Numerous children under age 16 have been treated brutally by law enforcement officers, a recent study concludes. More than half of those in the study were Black.
“The most common types of force were takedowns, strikes and muscling, followed by firearms pointed at or used on children,” The Associated Press reported Oct. 19. “Black children made up more than 50% of those who were handled forcibly, though they are only 15% of the U.S. child population.”
The AP said it analyzed about 3,000 instances of police force against children under 16 over an 11-year period. The data was provided by Accountable Now, a project of The Leadership Conference Education Fund. It covered incidents from 25 police departments in 17 states.
AP reported some incidents show that some kids were armed and others were undergoing mental health crises.
Currently, there are only a few states or cities that have disallowed the use of force against children, the story said. African American children were not viewed with the same innocence as White children; therefore, Black children may have been suspected of a crime and faced the use of force more than their counterparts, noted the AP report.
“He (was) just a happy kid, riding his bike down the road. And 30 to 45 seconds later, you see him basically pedaling for his life,” said Aaron Davis, father of Skyler Davis.
Skyler, a 15-year-old mentally disabled boy of Paris, Ill., was suspected of violating a city ordinance, which prohibits biking in certain areas. He was pursued by police into his home, thrown to the floor and handcuffed, then slammed into a wall, reported the article.
According to Aaron Davis, he saw police pulling Skyler — 5 feet tall and barely 80 pounds — toward a squad car with a “pure look of terror” on his face, said the report.
Surveillance cameras captured the chase on video. The family has filed a federal lawsuit against the police officers.
“When you are close to the kids, you work with kids every day, you see that they are just kids, and they’re doing what every other kid does,” said Kristin Henning, director of Juvenile Justice Clinic at Georgetown University’s law school. “Talking back, being themselves, experimenting, expressing their discomfort, expressing their displeasure about something — that’s what kids do.”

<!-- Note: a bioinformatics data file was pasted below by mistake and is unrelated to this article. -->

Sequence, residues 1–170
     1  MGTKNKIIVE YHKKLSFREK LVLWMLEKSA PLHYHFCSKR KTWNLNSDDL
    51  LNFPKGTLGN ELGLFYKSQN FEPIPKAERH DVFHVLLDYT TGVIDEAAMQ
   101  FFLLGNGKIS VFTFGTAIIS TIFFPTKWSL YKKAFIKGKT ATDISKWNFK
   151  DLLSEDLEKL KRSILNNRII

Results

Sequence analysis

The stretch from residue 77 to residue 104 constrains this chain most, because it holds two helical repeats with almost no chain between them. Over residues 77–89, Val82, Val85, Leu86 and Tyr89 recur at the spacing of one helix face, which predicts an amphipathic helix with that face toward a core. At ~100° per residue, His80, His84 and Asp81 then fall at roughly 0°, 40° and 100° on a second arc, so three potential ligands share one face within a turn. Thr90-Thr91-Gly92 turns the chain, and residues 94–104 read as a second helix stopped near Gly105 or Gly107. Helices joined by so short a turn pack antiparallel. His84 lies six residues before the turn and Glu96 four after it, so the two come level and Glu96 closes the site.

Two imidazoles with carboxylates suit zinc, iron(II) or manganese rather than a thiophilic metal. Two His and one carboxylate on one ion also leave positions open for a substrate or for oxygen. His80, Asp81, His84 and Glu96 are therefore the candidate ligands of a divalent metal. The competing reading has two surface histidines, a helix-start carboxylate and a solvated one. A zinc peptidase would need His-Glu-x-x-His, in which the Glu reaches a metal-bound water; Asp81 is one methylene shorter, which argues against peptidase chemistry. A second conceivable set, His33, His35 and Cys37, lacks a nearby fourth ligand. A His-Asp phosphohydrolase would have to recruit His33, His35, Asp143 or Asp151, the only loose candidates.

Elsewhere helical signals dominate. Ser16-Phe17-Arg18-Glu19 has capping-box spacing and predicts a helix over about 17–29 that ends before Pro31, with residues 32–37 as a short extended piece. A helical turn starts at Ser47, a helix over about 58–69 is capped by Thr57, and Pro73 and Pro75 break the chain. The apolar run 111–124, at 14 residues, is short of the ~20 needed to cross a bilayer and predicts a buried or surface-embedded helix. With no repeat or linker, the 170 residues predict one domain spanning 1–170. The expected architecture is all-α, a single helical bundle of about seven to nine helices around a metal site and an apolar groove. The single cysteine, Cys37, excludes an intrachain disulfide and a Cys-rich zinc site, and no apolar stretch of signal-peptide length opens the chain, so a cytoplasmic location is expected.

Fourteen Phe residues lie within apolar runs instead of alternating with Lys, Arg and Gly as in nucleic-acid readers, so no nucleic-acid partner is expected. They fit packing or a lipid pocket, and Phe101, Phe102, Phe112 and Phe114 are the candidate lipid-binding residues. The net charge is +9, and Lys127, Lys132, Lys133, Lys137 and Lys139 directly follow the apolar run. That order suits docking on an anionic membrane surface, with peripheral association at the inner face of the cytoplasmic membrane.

Savannah, 14, Telia, 11, and Jhaimarion, 7, were ordered to get down on the ground by police during a drug raid in Chicago. The family door was kicked in. Krystal Archie, the girls’ mother, said she didn’t know the people the police were looking for.
“(They) were told, demanded, to get down on the ground as if they were criminals,” said Archie. “They were questioned as if they were adults.”
Telia said she witnessed an officer put his foot into Savannah back. Alleging emotional distress, every time Savannah sees a police car coming, her hand starts to shake, said the report.
Police officers may view minorities as being older than they actually are, reported the article.
X’Zane Watts, an eighth-grader of Charleston, W.Va., was playing with his two-year-old cousin when three White plainclothes officers jumped out of a car with guns drawn and chased Watts into his house. He was mistakenly suspected of a burglary.
“The wrong flinch, they could have shot him,” said Charissa Watts, X’Zane mother. “The wrong words out of my mouth, they could have shot me.”
The family filed a lawsuit and a settlement was reached, said the report.
While there is some guidance on how to handle juveniles accused of crimes or under mental distress, AP found no policy that addressed both issues together.
“I think that when officers understand the basic core components of development and youth development — their social, emotional, physical, psychological development — it can really help them understand why they might need to take a different approach” said Dylan Jackson, a criminologist at Johns Hopkins University.